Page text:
The Far-Reaching Effects of Weight Bias in Reproductive Care
The impact of weight stigma in healthcare has been studied for decades—and the results are alarming and far-reaching. These biases impact the quality of care someone might receive, as well as their diagnosis and treatment.
A 2005 study in the International Journal of Obesity indicated that "disrespectful treatment, embarrassment at being weighed, negative attitudes of providers, unsolicited advice to lose weight, and medical equipment that was too small to be functional" are barriers that deter larger patients from seeking care. Of the almost 500 women surveyed, 73 percent reported experiencing one or more of these barriers.
Additionally, "healthcare providers reported that they had little specific education concerning care of obese women, found that examining and providing care for large patients was more difficult than for other patients, and were not satisfied with the resources and referrals available to provide care for them."
So, it's not just that fat women may be less apt to schedule their annual exams and preventive screenings—they receive less quality care when they do.
These findings begin to chisel away at the looming factor of why fat women may delay their OB-GYN appointments: weight bias.
Weight bias prevents preventive screenings
Weight bias contributes to fat ciswomen being less likely to receive cervical cancer screenings and mammograms, according to a 2009 study published in the research journal Obesity.
A 1993 study in the research journal Women & Health noted 17 percent of doctors report reluctance to provide pelvic exams for very fat women. That number jumps to 83 percent when the women also express reluctance.
Similarly, a 2003 study of 620 primary care physicians published in Obesity Research found that more than 50 percent of the doctors surveyed "viewed obese patients as awkward, unattractive, ugly, and noncompliant." Fat bias by providers translates directly to reproductive care—or lack thereof.
Weight stigma can lead to incorrect diagnoses
It's a knee-jerk reaction for doctors to tell fat patients to lose weight, no matter what brought them to an appointment.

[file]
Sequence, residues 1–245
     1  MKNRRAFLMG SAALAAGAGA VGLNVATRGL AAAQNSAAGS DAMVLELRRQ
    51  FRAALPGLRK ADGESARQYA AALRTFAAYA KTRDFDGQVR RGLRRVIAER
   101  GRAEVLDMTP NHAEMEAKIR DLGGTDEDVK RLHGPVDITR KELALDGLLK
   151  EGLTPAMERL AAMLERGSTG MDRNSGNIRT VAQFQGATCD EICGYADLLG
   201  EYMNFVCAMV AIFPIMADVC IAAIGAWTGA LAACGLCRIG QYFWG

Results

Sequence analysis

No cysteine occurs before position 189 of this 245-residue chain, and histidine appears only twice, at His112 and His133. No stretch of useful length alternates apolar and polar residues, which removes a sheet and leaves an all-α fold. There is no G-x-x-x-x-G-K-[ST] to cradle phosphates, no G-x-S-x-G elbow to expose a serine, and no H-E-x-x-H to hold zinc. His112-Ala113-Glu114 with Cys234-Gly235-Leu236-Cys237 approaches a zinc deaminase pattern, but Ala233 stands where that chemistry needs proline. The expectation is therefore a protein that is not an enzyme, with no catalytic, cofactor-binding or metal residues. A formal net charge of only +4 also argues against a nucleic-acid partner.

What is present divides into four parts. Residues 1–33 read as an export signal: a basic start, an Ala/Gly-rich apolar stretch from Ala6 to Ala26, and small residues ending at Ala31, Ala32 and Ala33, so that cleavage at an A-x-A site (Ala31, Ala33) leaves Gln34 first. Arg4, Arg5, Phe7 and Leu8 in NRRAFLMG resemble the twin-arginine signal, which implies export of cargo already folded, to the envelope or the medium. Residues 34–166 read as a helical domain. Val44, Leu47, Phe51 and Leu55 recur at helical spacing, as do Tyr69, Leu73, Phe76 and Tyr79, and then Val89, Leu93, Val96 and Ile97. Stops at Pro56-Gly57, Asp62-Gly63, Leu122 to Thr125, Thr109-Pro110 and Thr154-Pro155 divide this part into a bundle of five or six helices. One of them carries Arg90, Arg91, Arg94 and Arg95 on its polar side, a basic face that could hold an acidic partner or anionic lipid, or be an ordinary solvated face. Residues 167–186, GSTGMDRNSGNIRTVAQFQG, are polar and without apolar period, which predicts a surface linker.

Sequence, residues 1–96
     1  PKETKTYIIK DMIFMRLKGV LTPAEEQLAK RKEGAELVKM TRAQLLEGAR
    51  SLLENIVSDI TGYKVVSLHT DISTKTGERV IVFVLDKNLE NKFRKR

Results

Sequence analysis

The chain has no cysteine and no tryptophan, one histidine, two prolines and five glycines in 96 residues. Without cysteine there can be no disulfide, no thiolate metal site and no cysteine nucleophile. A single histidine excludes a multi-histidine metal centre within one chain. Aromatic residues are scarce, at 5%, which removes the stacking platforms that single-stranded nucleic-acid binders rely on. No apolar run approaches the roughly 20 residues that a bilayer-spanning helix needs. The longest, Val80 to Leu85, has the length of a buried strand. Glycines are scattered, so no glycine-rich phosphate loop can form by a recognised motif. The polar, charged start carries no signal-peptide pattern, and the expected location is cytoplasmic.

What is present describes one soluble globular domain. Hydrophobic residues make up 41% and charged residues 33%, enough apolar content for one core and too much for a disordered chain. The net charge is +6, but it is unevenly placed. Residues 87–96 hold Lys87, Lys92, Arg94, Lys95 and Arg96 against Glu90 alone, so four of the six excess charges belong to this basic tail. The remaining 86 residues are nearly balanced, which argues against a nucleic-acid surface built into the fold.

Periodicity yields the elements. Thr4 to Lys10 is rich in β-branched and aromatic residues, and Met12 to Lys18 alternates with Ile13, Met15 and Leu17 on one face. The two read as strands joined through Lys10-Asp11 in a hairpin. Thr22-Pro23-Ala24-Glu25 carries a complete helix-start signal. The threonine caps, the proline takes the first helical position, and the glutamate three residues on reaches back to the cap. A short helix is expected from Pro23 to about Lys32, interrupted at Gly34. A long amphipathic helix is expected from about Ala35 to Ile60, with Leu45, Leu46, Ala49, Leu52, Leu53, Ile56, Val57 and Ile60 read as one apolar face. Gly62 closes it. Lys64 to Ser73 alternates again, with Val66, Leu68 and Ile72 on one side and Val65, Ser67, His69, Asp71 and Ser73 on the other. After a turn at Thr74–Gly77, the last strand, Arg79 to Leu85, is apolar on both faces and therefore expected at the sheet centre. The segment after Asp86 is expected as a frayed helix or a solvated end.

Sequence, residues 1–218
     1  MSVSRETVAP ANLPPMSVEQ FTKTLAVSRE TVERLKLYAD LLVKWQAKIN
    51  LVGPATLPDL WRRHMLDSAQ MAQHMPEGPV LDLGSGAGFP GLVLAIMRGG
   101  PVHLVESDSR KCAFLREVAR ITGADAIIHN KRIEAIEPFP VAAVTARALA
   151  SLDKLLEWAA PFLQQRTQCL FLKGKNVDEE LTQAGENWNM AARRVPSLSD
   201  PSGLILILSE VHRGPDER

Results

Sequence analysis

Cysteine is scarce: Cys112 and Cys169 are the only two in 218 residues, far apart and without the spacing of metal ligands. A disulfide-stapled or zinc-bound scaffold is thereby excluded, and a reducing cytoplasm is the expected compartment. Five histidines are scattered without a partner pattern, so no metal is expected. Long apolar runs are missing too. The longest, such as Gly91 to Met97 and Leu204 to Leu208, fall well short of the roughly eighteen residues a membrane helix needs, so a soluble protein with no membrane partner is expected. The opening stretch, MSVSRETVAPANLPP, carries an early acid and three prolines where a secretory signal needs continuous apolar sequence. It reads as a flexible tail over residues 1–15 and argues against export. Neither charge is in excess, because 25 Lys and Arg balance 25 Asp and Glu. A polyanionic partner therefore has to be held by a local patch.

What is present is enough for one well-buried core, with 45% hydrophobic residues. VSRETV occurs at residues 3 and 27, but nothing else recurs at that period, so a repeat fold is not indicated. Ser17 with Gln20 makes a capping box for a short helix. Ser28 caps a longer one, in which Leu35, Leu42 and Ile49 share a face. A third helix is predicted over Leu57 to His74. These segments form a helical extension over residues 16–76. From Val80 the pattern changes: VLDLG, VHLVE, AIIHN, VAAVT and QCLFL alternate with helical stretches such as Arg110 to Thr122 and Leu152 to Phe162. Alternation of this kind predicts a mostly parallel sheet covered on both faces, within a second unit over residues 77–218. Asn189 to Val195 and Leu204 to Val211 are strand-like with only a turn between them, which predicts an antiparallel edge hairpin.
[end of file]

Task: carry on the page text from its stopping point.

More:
The issue is exacerbated by Medicare and Medicaid's Merit-based Incentive Payment System (MIPS), which requires physicians to document a discussion, treatment plan, and follow-up for anyone with a BMI over 24.9 once per "performance period." This is part of a doctor's "quality score," which is closely tied to the reimbursement they receive. Basically, doctors will be paid less for the services they did provide and get a lower "quality score" if they don't have a conversation about weight.
The implications of this unsolicited advice affect the emotional well-being and physical health of patients. Attributing symptoms to weight takes the focus off other potentially dangerous symptoms for disorders, such as endometriosis or polycystic ovary syndrome (PCOS).
'Their health concerns are often not met with further tests to rule out potential issues, only told to go away and lose weight.'
"In general gynecological care, fat folks are routinely told that any concerns are related to their weight, and that weight loss will solve issues such as heavy or painful periods and irregular cycles," said Nicola Salmon, fat-positive fertility coach and author of the book "Fat and Fertile."
"Their health concerns are often not met with further tests to rule out potential issues, only told to go away and lose weight," she added.
"Doctors miss key diagnostic information because they refuse to test people until they've lost weight. This leads to a big delay in when folks are diagnosed and treated for conditions," Salmon continued. "That time lost could be really valuable in the disease progression and their recovery."
Pregnancy and fertility care
Providers automatically label many larger-bodied people as high risk even if they aren't. Jen McLellan, a certified childbirth educator and founder of Plus Size Birth, explained access to maternity care for people with larger bodies is incredibly frustrating. Labeling all larger patients as high risk is not a recommendation by the American College of Obstetricians and Gynecologists (ACOG).